Spring DI with different styles

Spring as a dependency injection (DI) framework allows us to define our application components' dependency tree in three different ways: XML Annotation Java Config I've written a simple app, bookstore, with the three styles and they're available in the following repository. You can take a look and see how each style would look like. It also has a version that uses no Spring beans for comparison. https://github.com/ryu1kn/spring--working-with-beans Different styles have different pros/cons. Spring lets you mix the styles; so you can change it as you go. Here is my observations on each style. XML-based configuration Pros Weak/loose coupling with Spring framework in your app code. Good for keeping the option of removing Spring later Class dependency information is centralised. Fine-grained control on the dependency definition. Changing only the dependency information doesn't require the recompilation of your app code. Cons Unless you have a good IDE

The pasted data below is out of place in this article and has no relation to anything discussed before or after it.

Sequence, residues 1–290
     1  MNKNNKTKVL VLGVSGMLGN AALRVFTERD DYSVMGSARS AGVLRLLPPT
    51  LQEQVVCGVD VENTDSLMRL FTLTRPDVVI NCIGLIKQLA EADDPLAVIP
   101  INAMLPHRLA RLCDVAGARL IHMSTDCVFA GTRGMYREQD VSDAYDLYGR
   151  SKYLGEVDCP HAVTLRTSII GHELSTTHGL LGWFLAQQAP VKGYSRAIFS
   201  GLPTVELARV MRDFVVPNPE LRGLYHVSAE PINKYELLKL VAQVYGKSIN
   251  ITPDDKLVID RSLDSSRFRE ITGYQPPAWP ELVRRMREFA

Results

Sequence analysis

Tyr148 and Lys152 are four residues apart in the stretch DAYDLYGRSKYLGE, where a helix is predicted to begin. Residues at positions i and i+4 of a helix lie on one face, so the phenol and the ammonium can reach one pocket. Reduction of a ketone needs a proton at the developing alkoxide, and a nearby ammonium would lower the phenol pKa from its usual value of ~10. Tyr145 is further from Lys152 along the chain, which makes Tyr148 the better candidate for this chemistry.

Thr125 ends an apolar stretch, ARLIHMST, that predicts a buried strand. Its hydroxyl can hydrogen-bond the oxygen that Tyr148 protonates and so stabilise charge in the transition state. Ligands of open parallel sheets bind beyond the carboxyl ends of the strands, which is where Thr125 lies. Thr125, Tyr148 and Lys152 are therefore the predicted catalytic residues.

Clojure Way

  • Do I have to use partial to do currying?

  • Do I have to do an explicit null check? e.g. html-node below can be null.

    (-> html-node (.getTextNode) (.getLiteral))
    
    • Seems so.

      (if html-node (-> html-node (.getTextNode) (.getLiteral)) "")
      
      ; or
      
      (#(if % (-> % (.getTextNode) (.getLiteral)) "") html-node)
      

      cf. in Scala:

      htmlNode.map(_.getTextNode.getLiteral).getOrElse("")
      
  • Can I compose a function from a Java object method with only its method name?

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